With the whole country and the wider global economy rallying together to help defeat the Covid-19 threat, people from all walks of life are having to adjust to a new way of living, albeit temporarily.
Parents can often be the hardest hit, having to juggle working from home (and getting used to it in the first place) along with maintaining a focused environment for children to continue their learning throughout the disruption.
We’ve put together a few handy tips to help you navigate this tricky time; tips that should make things a bit easier for the whole household.
1. The Environment
This is no different to when a student is at home studying for exams. Spending some time thinking about the environment in which your child will study is crucial to making sure their time is spent effectively. Many will study in their bedrooms, or even communally around a dining table. Whatever the location, make sure it is free from distractions like televisions, phones and tablets (unless they are being used for studying purposes).
Any effective studying needs input from the teacher or tutor, so make sure both you and your child have a clear idea of what they are expected to be doing. If possible, regular check-ins with them can help guide your child through the work they’ve been set. These days, this can all be done by Skype, FaceTime or other methods of video communication. Don’t be afraid to reach out to the teacher if you have questions or need more guidance.
This is an unprecedented time for all of us, so don’t ignore the need for your child to still have some contact (digitally) with their friends. Encourage them to solve things together and work through their own problems. This creates a culture of mutual self-development, just as it might exist in the classroom.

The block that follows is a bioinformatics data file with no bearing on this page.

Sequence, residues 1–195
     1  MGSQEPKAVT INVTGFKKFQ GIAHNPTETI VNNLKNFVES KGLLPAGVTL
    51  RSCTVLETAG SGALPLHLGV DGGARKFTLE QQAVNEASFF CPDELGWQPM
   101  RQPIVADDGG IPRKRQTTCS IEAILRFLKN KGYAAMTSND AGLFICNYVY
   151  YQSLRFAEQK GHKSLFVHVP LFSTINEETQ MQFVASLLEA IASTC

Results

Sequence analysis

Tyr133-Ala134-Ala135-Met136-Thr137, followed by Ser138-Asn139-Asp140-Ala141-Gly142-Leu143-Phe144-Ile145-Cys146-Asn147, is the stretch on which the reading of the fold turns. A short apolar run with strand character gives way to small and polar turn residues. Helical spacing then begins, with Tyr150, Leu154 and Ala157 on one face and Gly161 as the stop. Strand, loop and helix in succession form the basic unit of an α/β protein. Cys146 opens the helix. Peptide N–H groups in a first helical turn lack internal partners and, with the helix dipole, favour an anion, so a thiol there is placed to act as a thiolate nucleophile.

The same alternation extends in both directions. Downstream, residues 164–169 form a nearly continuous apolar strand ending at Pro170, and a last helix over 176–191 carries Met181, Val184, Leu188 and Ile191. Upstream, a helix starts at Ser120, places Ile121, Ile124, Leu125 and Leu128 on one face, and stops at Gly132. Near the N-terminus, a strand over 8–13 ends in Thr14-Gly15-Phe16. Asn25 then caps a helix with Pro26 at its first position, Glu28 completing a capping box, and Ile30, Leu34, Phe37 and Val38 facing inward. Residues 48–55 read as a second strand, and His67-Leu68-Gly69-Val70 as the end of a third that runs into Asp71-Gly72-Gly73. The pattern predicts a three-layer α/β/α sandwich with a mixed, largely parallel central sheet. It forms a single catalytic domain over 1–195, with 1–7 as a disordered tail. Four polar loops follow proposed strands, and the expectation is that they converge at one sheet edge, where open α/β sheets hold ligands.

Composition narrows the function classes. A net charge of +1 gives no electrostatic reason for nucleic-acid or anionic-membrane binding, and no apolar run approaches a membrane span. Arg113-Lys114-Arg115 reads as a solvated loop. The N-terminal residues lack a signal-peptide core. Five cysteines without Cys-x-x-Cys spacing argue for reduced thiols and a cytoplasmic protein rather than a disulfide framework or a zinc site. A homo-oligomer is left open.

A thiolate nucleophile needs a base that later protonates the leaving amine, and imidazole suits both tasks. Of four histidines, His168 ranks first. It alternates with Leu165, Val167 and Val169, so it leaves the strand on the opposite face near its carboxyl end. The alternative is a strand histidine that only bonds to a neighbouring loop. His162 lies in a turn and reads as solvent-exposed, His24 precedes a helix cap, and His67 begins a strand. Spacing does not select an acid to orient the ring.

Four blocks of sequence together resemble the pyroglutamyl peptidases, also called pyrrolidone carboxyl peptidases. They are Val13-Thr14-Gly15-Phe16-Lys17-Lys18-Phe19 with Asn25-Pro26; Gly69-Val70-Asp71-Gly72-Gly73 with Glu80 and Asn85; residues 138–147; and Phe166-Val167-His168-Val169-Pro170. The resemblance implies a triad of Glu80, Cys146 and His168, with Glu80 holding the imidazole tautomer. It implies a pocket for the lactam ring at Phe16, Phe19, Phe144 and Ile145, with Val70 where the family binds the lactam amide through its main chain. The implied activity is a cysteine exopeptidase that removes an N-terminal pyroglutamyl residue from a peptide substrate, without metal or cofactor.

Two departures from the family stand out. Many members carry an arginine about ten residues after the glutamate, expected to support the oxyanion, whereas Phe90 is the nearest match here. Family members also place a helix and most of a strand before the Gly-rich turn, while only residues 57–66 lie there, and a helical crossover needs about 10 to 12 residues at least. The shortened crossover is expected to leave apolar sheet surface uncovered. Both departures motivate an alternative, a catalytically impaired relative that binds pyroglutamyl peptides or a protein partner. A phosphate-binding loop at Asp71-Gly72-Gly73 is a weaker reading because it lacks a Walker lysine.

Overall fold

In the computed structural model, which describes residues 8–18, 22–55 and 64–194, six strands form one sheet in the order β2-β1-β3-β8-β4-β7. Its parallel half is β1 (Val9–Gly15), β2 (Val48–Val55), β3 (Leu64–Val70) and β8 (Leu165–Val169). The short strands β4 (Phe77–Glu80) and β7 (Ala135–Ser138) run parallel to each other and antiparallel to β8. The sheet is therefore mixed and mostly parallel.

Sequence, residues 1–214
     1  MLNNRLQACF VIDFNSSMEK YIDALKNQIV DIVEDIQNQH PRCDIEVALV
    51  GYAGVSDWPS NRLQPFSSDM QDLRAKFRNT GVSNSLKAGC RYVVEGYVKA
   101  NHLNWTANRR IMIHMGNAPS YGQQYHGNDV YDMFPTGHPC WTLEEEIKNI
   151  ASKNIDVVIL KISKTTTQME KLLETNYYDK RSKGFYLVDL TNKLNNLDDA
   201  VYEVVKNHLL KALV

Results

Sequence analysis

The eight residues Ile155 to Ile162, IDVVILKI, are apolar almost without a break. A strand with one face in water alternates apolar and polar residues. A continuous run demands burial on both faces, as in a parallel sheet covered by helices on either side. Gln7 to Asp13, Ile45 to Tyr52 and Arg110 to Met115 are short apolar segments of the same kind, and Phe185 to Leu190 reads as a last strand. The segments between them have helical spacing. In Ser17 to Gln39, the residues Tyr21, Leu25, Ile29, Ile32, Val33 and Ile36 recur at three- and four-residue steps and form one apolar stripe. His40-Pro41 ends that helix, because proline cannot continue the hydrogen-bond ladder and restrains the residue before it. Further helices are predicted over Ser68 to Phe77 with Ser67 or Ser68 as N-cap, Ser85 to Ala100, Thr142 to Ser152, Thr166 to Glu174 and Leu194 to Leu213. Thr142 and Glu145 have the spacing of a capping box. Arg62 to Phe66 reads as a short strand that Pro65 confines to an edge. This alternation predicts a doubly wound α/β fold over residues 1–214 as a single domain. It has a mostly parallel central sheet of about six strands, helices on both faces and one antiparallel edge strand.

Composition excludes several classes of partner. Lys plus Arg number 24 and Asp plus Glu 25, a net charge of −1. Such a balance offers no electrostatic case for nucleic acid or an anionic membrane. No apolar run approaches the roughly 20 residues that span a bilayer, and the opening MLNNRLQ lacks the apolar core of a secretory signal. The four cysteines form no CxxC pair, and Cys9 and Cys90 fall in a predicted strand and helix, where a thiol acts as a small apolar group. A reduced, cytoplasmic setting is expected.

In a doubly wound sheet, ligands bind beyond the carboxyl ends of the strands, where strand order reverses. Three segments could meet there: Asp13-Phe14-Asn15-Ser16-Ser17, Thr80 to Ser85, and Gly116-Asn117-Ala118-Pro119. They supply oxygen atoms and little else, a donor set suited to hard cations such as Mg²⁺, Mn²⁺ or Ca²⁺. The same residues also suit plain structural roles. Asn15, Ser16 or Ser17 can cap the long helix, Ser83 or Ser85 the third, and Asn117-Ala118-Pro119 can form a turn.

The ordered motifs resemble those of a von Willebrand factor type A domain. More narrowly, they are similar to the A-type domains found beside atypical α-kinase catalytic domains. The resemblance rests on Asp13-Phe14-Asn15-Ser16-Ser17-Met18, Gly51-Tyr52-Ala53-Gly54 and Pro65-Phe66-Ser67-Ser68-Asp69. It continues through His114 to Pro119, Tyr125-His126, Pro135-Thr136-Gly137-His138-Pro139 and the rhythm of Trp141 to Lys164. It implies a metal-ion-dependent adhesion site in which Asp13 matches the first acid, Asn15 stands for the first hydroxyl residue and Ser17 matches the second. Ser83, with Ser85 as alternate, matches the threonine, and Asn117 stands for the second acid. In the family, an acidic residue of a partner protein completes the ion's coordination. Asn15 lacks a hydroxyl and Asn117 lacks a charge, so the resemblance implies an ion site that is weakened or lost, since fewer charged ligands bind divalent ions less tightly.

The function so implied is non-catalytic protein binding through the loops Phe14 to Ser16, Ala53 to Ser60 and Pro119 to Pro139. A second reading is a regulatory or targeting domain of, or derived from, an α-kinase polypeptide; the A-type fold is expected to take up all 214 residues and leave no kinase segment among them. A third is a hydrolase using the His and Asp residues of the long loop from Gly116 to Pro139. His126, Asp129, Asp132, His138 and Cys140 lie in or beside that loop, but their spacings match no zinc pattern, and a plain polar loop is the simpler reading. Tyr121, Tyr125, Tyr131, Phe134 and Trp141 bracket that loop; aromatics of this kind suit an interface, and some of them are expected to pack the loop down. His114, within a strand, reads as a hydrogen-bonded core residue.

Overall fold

Whilst in ‘lockdown’, students can’t venture far from their desks! However, it is important for them to maintain some forms of mental and physical escape and to utilise these during regular breaks. Generally speaking, for every hour that you work or study you should take a 10-15 minute break to allow your brain to focus on other things and your body to stretch and move. Gardens, pets, exercise equipment or music can all help with achieving this. Breaks aren’t a treat, they are an important part of a successful studying regime.
5. Be Organised
Most of us need structure to our days, giving us both something to follow and to feel a sense of achievement about when completed. This structure is critical to studying from home, so help your child plan out their weeks in advance. Discuss their strengths and weaknesses; if they study better in the morning than the afternoon, then schedule the topics they struggle with most for the early sessions.
If you follow these simple steps you will hopefully have a positive impact on your child’s ability to study successfully during this period of uncertainty.